| 5:22 am on Dec 21, 2001 (gmt 0)|
The folks at The Register [theregister.co.uk] Think it is easier to use than windows. This article is even tempting NFFC!
Btw Tool, what desktop/window manager do you like to use?
| 5:31 am on Dec 21, 2001 (gmt 0)|
My limited knowledge consists of about 3 hrs running time now...KDE. The doggone thing walked right thru networking and mail setup...really easy to do compared to "other" distros I've tried before.
I also bought the O'Reilly cd collection "The Linux Web Server Collection" that I run on the winders box whilst I flounder thru the manuvering on the Linux box. I AM GOING TO LEARN SERVER ADMIN IF IT KILLS ME.
| 6:10 am on Dec 21, 2001 (gmt 0)|
>8.1 is definitely a quantum leap over the previous distros
That's why LM and I both recommended 8.1 even if it is a little less stable than 7.2, although I haven't had any trouble with 8.1 since an earlier post (save for a few segment faults on a few apps, but this is partly related to my penchant for running beta code). With all the free code there's always something new and unstable to install *LOL*
I started out liking KDE in the early releases but have since switched to GNOME, now prefer it to KDE.
| 6:18 am on Dec 21, 2001 (gmt 0)|
You can switch back and forth too can't you?
| 6:28 am on Dec 21, 2001 (gmt 0)|
Yeah, it is very easy to switch. You may also want to try Window Maker, and Black Box (my favorite). You will probably have to install the Black Box rpms. Some how I just see you as a Gnome user.
Icewm is very stable, looks a bit like win95, but could be customized to look halfway decent with a utility called Icepref. Two things that Ice has going for it is that it is very light weight, and you could do everything *without* a mouse if you choose.
| 6:31 am on Dec 21, 2001 (gmt 0)|
Yup, as long as you installed both you can log in at will between the two, even keeps your settings for apps that run on both (eg. mail, browsers, etc.) BTW wait 'till you try the Mandrake package manager/updater on 8.1, very slick.
| 10:27 pm on Apr 14, 2002 (gmt 0)|
i am new to mandrake and to linux for that matter. i wanted to use a product called plesk and can be downloaded at plesk.com. it is a server administration program but it is only for rathat can someone tell me of a product like this for mandrake...Web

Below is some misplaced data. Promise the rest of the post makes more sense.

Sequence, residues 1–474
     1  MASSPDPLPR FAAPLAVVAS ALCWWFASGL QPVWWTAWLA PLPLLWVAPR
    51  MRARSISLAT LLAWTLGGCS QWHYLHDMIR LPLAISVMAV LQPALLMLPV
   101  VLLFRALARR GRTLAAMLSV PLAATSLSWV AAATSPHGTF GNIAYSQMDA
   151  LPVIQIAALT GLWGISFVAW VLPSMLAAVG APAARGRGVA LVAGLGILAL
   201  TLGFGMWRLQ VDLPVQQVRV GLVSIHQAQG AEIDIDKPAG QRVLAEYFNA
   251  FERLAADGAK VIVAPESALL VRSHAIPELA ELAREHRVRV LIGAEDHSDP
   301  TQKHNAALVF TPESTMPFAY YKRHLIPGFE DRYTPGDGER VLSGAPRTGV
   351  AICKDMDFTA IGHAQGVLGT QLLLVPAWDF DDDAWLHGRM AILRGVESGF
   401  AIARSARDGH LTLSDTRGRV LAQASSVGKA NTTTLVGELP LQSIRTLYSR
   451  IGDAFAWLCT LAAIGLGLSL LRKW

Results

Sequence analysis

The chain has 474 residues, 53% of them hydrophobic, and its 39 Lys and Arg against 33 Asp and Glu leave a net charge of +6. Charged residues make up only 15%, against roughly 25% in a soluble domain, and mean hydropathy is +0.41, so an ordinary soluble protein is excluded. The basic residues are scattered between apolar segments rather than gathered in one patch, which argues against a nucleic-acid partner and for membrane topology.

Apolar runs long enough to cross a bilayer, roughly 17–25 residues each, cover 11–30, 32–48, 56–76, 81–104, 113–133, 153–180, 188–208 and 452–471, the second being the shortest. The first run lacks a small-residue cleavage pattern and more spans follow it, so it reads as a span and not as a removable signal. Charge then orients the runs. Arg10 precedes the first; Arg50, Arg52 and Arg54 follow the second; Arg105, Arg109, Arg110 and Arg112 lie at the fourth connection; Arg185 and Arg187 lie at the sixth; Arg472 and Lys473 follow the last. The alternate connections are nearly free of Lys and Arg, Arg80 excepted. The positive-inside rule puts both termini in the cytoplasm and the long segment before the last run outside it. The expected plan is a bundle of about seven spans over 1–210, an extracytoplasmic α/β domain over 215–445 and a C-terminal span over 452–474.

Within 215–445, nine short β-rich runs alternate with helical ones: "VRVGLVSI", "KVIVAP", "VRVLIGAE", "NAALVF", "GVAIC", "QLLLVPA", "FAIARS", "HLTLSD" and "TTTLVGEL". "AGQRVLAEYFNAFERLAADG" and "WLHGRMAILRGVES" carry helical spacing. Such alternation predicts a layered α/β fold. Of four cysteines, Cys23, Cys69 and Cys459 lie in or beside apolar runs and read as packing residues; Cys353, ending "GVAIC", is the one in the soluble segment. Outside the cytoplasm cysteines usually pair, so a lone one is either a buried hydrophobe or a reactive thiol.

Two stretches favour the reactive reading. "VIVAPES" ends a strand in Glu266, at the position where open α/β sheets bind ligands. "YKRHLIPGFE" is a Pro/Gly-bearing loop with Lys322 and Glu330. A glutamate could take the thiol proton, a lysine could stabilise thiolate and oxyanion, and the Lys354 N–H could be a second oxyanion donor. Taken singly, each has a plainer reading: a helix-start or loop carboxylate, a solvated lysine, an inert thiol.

| 10:20 am on Apr 17, 2002 (gmt 0)|
Webwonder, you should probably contact them. Mandrake shares a lot of compatibility with Redhat, so they may have a tweak to make it work for you.
| 11:16 am on Apr 17, 2002 (gmt 0)|
I am getting dangerously close to installing a *nix system
I have redhat on my server, but don't mess around with it too much (I have Plesk installed, gets me through most things OK)
I want to get up to speed on *nix, but want to make my learning applicable to my web server as well.
Q. If I install Madrake 8.1 on my home box will my learning cover me for Redhat as well, or am I going to get in a muddle?
| 11:39 am on Apr 17, 2002 (gmt 0)|
A. The absolutly basic knowledge will get you through any unix-like system; there's not any major difference using standard commands between distros.
However, there are some subtle differences on how is the system administrated, better know as "Redhatisms"; as for the last time I used Mandrake (7.1) it was close enough to redhat as for not making a difference.
That differences are on very few things on the admin side, like starting services. As a user you should not notice any difference even using OpenBSD.
| 12:04 pm on Apr 17, 2002 (gmt 0)|
Whoopee [heads off to Mandrake site]
| 8:05 pm on Apr 18, 2002 (gmt 0)|
Let us know how it turns out Duckula!
| 6:48 am on Apr 19, 2002 (gmt 0)|
You better ask 4eyes. I have been running happily Debian since the testing branch went public.
| 8:04 am on Apr 19, 2002 (gmt 0)|
Oops, sorry. Speaking of Debian, I have been kicking it's tiers a bit. I have to say it is frustratingly complicated, and amazingly simple at the same time. I'll be posting about my experience soon.
| 8:14 am on Apr 19, 2002 (gmt 0)|
|That differences are on very few things on the admin side, like starting services. As a user you should not notice any difference even using OpenBSD. |
Surely there is a difference because OpenBSD (and all other BSD's) does not have server start/stop scripts in /etc/init.d ... :)
And Debian puts them in /etc/init.d, whereas Redhat and Mandrake puts them in /etc/rc.d/init.d (and then symlink to /etc/init.d). And Slashware follows the BSD system of having a big /etc/rc.local. All these confusion...
| 8:25 am on Apr 19, 2002 (gmt 0)|
Sidenote: Installed Redhat 7.2 - didn't find it any more complicated than mandrake 8.1. Similar graphic install routine.
| 8:34 am on Apr 19, 2002 (gmt 0)|
|it is frustratingly complicated, and amazingly simple at the same time |
Someone is going to have to write the "Debian Daode Jing".
| 3:53 pm on Apr 19, 2002 (gmt 0)|
Mandrake 8.2 beta installed flawlessly and i'm running it now (not on this pc :)). I was extremely impressed though I'm still not happy with a RPM based distro. I wish I'd installed debian now but I was short of time. Something for those interested to check out is www.gentoo.org - a newish distro where it compiles itself as it installs. Gives you the opportunity to optimise the compilation to suit your pc and so is supposed to be a very good performer.